[LINK] Battery back-up mandatory for NBN?

Kim Holburn kim at holburn.net
Sat Nov 6 12:19:09 AEDT 2010

On 2010/Nov/06, at 11:50 AM, Tom Worthington wrote:

> Bernard Robertson-Dunn wrote:
>> ... If we had $43b to spend only once, is spending it on the NBN the 
>> optimum use of public resources? ...
> I don't think the Government strategy is to actually spend $43b of 
> government money on the NBN. It is to have a grand sounding, visionary,
> long term, nation building project. Then spend a few hundred million
> dollars on some pilot programs in marginal electorates, while the
> technologists and the market sort out the future of telecommunications.
> Within a few years the NBN will be rendered obsolete by technological
> and market developments.

Sorry, don't see that at all.

> But this will not matter as most of the NBN
> will not yet have been built and what has been built will still be
> usable. The ALP can take credit for whatever emerges, saying that the 
> vision of the NBN has been fulfilled, even though the implementation 
> details have changed.
> This is not much different from the opposition proposal, except
> the opposition is making the mistake for trying to design a commercially
> viable short term solution, where there isn't one. By doing the "vision
> thing" the Government is avoiding that trap.
> Providing fibre to the home to some of Australia will be useful,
> although I don't think this is the future of telecommunications. Smart
> phones are becoming affordable and very popular (the Huawei IDEOS is
> less than US$200). There are numerous tablet computers for under $400
> being released for Christmas 2010. These devices will cause an explosion
> in the demand for wireless communications.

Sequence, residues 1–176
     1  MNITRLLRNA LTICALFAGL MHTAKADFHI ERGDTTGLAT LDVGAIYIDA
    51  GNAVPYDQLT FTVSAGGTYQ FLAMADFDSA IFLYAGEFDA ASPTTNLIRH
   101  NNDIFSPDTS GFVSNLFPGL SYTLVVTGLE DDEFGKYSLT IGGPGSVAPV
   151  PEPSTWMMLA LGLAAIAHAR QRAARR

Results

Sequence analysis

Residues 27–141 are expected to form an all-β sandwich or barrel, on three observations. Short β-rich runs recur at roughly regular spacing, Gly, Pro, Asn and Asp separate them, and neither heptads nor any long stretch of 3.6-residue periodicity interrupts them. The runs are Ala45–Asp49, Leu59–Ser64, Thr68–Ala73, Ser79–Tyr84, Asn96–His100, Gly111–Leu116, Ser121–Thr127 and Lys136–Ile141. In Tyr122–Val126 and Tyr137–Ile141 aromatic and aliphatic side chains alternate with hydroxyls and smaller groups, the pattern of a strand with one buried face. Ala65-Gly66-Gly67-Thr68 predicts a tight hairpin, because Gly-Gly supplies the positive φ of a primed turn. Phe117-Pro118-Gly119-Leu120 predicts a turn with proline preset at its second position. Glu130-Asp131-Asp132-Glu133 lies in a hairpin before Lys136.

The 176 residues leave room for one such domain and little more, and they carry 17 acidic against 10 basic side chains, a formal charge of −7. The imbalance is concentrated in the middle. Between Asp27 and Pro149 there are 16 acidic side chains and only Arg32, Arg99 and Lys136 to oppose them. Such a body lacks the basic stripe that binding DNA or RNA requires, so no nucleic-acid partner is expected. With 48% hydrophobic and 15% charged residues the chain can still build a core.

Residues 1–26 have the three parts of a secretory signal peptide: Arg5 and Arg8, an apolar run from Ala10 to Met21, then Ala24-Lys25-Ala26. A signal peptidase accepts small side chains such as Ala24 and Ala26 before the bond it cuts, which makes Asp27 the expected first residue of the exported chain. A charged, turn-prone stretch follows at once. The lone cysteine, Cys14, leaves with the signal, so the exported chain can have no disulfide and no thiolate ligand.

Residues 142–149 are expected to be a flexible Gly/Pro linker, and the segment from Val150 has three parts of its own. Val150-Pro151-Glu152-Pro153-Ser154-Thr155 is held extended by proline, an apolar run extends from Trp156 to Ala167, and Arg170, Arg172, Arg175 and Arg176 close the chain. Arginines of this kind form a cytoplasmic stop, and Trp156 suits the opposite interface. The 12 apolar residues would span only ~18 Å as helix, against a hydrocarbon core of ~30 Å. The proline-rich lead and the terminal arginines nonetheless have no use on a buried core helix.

Yes but it's last 10 metre wireless.

> It will still be handy to have a high speed fibre connection for
> watching TV at home, or for business. But the major use of the fibre 
> will be backhaul for the wireless network. This is much like the Sydney 
> toll road building program of the NSW Government.

Yes, public roads.  The internet is like public roads.  The wireless connections you are talking about are like people's driveways.  No use in having a fast paved driveway onto a clogged goat track.  Wireless connections are also getting faster.  802.11n is what 54Mb.  There are various gigabit wireless projects in the pipeline.  

That's like saying all you need for mobile phones is bluetooth because that is what you actually talk with.

> These roads are 
> unsuited to Sydney's long term transport needs, but can be adapted for 
> Bus Rapid Transit
> <http://en.wikipedia.org/wiki/Bus_rapid_transit> as shown by the
> Brisbane South East Busway
> <http://en.wikipedia.org/wiki/South-East_Busway,_Brisbane>.
> -- 
> Tom Worthington FACS CP HLM, TomW Communications Pty Ltd. t: 0419496150
> PO Box 13, Belconnen ACT 2617, Australia  http://www.tomw.net.au
> Adjunct Senior Lecturer, School of Computer Science, The
> Australian National University http://cs.anu.edu.au/courses/COMP7310/
> _______________________________________________
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Kim Holburn
IT Network & Security Consultant
T: +61 2 61402408  M: +61 404072753
mailto:kim at holburn.net  aim://kimholburn
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